Coaching basketball — and winning — are in Tony Bennett's DNA. His father Dick guided Wisconsin to the Final Four in 2000; his sister Kathi coached the University of Wisconsin-Oshkosh to a 1996 Division III national championship; and his uncle Jack won back-to-back D-III titles with the University of Wisconsin-Stevens Point.
So after high school and college ball in Green Bay and a professional career in the NBA, Australia, and New Zealand, it seemed only natural that Tony moved into a coaching position at Washington State before settling in as the head coach at Virginia.
Since his arrival at Virginia, he's won the Atlantic Coast Conference twice, and reached the NCAA Elite Eight last year. Bennett has received the National Coach of the Year award from the Associated Press and the United States Basketball Writers Association.
His journey from small-town player to big-time coach has given him a unique perspective.
"I never wanted to be a coach," Bennett says. "That wasn't something that was in the cards. I just wanted to play as long as I could and then go from there. You always have dreams and aspirations and you hope things will happen, but until they actually do they are just that — dreams.
"I look at everything as a gift. Even the failures and adversity — though at the time they aren't pleasant and enjoyable, those are what shape, mold, and mature you into who you're going to become."
Having a diverse playing background provided Bennett the tools he needed to become one of the top coaches in the country.
His journey from small-town player to big-time coach has given him a unique perspective, he says. "We are our collective experiences," Bennett says. "I've taken things away from each of the different places I've played and the coaches I've either worked for or played under.
"Experience is the greatest teacher," he says. "Our teams have been successful because they are usually experienced and have been through challenging situations. There is no replacement or substitute for experience."
Being surrounded by successful coaches like his father, uncle, and sister has had a huge influence on his life and coaching career.
"When you see people working in their (gifts) it's inspiring," Bennett says. "You see them and think that's what they were meant to do. There's nothing better than playing, so when playing was done I was like, 'Ehhh.' I realized quickly that coaching was the next best thing, because I saw the impact my sister, my uncle, my dad, and others made on the people they coached."
With high turnover in college and the constant evolution of the game, Bennett notes that consistent success starts with the players.
"You can't kid yourself and think success comes from some unbelievable coaching method," he says. "You have to have the right kind of players. It's about building a program, getting the right players, adding the right staff, and having an incredible level of patience to stay true to what you believe is the vision you set for the program. There is so much talent all over, but when you get five guys collectively playing together, you can play against anybody."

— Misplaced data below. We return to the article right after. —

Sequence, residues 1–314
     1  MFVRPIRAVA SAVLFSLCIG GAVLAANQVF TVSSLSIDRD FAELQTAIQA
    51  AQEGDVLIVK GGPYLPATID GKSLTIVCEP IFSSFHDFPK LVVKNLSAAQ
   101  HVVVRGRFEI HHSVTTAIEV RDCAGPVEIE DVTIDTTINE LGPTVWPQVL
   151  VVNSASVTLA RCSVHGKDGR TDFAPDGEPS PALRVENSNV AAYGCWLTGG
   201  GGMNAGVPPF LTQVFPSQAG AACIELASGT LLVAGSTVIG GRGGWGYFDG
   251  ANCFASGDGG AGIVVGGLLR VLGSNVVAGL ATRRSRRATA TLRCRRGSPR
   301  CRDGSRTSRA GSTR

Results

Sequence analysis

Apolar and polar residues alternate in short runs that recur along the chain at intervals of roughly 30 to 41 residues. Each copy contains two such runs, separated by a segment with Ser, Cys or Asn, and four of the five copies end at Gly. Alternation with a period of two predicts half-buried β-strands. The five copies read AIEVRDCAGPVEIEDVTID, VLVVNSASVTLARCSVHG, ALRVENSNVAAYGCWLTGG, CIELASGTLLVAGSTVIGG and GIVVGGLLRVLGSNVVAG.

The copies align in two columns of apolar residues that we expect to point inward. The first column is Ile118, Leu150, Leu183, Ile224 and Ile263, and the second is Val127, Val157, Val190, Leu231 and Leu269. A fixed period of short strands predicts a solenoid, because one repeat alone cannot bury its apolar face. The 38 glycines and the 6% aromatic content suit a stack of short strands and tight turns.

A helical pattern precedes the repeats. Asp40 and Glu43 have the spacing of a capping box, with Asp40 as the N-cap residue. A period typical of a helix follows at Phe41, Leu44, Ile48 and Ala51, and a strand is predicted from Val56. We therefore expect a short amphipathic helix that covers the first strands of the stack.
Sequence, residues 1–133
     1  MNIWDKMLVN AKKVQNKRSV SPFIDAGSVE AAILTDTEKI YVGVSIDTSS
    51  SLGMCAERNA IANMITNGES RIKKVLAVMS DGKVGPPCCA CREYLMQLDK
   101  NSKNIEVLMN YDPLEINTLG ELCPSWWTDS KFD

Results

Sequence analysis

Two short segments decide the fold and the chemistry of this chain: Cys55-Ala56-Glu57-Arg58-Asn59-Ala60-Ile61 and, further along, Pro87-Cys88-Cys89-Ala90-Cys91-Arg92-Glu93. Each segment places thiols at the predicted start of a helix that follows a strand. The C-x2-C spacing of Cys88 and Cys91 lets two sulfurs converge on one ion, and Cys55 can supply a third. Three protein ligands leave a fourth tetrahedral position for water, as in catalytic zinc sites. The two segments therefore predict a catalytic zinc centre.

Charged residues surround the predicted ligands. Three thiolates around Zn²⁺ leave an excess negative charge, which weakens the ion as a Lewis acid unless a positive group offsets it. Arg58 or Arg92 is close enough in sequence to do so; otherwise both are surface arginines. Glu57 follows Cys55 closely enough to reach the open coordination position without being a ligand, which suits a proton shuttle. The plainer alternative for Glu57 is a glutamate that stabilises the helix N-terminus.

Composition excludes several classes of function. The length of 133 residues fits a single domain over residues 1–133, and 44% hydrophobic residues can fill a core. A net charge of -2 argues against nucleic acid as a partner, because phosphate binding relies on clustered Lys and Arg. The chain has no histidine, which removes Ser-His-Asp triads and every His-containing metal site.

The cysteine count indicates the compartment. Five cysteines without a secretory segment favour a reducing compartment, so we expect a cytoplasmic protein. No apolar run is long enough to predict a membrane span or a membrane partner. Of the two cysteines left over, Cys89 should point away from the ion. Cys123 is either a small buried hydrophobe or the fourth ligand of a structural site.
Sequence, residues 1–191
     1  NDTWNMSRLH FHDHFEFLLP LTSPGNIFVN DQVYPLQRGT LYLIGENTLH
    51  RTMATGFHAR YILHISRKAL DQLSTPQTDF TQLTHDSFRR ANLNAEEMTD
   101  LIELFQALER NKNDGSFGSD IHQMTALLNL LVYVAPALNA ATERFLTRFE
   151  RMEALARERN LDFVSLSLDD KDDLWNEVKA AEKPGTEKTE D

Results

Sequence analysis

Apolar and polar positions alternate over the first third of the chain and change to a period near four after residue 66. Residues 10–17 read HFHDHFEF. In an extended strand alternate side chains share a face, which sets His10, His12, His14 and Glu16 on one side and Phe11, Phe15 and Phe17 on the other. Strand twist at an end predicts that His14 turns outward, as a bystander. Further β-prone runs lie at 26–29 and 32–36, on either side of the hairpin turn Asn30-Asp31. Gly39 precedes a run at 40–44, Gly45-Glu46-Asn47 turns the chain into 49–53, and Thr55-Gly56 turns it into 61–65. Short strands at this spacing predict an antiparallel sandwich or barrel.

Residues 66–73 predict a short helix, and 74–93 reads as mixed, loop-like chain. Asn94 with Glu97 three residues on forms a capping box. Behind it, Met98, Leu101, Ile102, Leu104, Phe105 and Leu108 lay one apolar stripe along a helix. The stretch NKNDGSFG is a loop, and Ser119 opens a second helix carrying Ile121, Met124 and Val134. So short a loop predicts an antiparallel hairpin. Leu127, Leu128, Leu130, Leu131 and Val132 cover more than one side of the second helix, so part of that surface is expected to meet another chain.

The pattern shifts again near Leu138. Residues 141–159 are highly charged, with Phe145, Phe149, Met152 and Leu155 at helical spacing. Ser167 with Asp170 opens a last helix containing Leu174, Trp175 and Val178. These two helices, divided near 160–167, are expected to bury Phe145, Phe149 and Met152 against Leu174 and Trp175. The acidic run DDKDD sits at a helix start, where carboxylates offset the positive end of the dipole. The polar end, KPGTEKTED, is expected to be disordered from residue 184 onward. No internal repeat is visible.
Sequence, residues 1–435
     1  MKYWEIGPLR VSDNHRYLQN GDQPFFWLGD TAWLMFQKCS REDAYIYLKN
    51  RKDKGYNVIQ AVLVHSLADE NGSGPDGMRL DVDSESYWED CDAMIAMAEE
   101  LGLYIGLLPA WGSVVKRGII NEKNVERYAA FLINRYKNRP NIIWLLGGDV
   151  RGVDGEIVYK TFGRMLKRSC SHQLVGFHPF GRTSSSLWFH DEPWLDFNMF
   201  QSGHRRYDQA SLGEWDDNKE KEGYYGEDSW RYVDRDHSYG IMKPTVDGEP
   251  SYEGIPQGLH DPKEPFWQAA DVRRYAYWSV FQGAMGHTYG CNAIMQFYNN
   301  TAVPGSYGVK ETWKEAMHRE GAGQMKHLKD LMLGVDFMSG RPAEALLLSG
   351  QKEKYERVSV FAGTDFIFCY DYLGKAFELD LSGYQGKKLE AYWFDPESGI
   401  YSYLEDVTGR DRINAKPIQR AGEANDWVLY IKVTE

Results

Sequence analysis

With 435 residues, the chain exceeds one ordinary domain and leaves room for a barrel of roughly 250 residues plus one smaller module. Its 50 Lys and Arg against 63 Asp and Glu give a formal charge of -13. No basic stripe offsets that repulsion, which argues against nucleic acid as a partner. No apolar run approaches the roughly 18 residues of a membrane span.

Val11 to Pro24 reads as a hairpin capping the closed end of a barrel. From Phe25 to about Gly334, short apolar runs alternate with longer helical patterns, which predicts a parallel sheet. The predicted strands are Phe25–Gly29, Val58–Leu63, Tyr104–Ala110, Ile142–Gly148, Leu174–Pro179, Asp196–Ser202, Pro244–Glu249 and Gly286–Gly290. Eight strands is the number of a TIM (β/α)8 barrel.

Teamwork and selflessness are important parts of Bennett's philosophy and are important traits he seeks when recruiting players.
"I tell them that if they have team success, individual success they will see will be amazing," he says. "I think that's really important. You're going to get your chance, but first comes discipline. If your team can understand that first they have to be disciplined, sound, tough, and if a player can understand that when they come into college, that's going to get them on the floor and that's going to help the team."
He's clear in his message that just because players must be sound doesn't mean their skill is limited or confined.
"First comes discipline, but then comes freedom," Bennett said. "If you show you're sound and disciplined then you are going to have freedom to use your abilities and gifts."
With the future of basketball heading toward highlighting the three-point shot, adapting to trends has become important to all coaches.
"The game is changing," Bennett says. "In coaching, you always have to make adjustments and understand the trends of the game —how you're going to contest threes defensively, and how you're going to use your personnel offensively. There are different ways to approach the game as coaches. There are different styles, especially in college, and that's the beauty of it."
"The advice I give coaches is 'Simplicity with execution,'" he says. "That doesn't mean you can't have some adjustments and variants on plays, but the more stuff you try to do, the more complicated and complex everything is and the harder it is for your players to master.
"Coaches at any level get carried away with what the next fad is, whether we're going to run this and that. The only way you're going to get good is to be able to execute something, do it well, and then make adjustments."
Basketball, like any sport, is always evolving. Bennett appreciates the trends and the challenges they provide.
"The spacing and the spread of the game is changing and coaches, with all the access to video, are becoming so sound in their offensive philosophies," Bennett said. "Find a style and a system of play that gives you a chance to be the best in your league, in the country; find that thing that uniquely fits you and gives you a chance to beat the very best you'll ever play against."